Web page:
How to Define Your Type, Part I

Who are you? And how are you perceived by those auditioning you?  Seems elementary enough if you’re talking about someone else.  Yet, there’s a prevalent fear among actors of becoming pigeonholed: confined to playing the same sort of character or genre until they’re identified only as Sam Spade from The Maltese Falcon, Fonzie from Happy Days, or Edward from Twilight

Well, frankly, that would be a very good problem to have. I realize this is a rather novel idea, but consider focusing on defining your most natural inclinations first and then branch out from there. 

Think it through for a moment. Once you’re established as a good solid type, you can later stretch beyond those parameters to create anything you want.  You can play against type, if you will.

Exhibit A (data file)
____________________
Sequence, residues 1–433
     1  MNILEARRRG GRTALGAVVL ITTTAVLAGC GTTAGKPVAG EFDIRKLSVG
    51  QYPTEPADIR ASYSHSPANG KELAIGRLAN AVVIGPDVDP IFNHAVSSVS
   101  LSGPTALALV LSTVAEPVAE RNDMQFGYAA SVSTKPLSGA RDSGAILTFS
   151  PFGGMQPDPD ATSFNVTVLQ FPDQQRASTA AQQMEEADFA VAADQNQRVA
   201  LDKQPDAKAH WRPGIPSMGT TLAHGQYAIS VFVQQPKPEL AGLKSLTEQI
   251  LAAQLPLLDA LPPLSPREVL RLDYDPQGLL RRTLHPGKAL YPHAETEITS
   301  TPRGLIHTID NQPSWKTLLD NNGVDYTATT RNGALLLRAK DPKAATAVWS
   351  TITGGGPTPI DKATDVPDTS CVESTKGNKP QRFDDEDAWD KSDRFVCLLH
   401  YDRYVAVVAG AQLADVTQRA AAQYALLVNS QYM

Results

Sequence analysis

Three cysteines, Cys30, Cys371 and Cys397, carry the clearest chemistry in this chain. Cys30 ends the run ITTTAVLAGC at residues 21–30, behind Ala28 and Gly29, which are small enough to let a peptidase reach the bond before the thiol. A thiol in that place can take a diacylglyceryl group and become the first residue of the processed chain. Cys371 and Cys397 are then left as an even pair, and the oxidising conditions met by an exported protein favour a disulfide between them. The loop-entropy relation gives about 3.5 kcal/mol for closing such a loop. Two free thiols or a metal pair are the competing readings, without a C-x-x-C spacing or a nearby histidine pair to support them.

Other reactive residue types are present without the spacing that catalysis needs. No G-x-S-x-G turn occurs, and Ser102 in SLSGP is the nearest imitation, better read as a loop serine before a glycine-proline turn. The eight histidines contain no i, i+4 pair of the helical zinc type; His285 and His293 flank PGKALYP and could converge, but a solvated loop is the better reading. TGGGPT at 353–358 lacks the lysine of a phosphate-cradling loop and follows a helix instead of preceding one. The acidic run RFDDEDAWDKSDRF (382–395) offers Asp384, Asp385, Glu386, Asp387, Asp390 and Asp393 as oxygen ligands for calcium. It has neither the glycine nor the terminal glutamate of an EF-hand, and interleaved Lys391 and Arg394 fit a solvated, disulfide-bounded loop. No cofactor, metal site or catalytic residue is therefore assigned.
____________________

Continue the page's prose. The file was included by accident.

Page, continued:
Of course, you may later expect the same successful response you received originally when you first “hit.” But you won’t make your initial mark without first establishing yourself with who and what you are clearly perceived as first and foremost.

Concentrate on who you are, first and foremost. This tends to be the antithesis of conventional training, but you are far more likely to be cast for being yourself. That can be the hardest thing to play, especially when there’s no effort in your performance.  

Frankly, no one is interested in seeing you work at a character. After all, if you’re everything… nothing specific comes to mind.  

Next week, discover what simple tools you can apply to better determine how you’re perceived.

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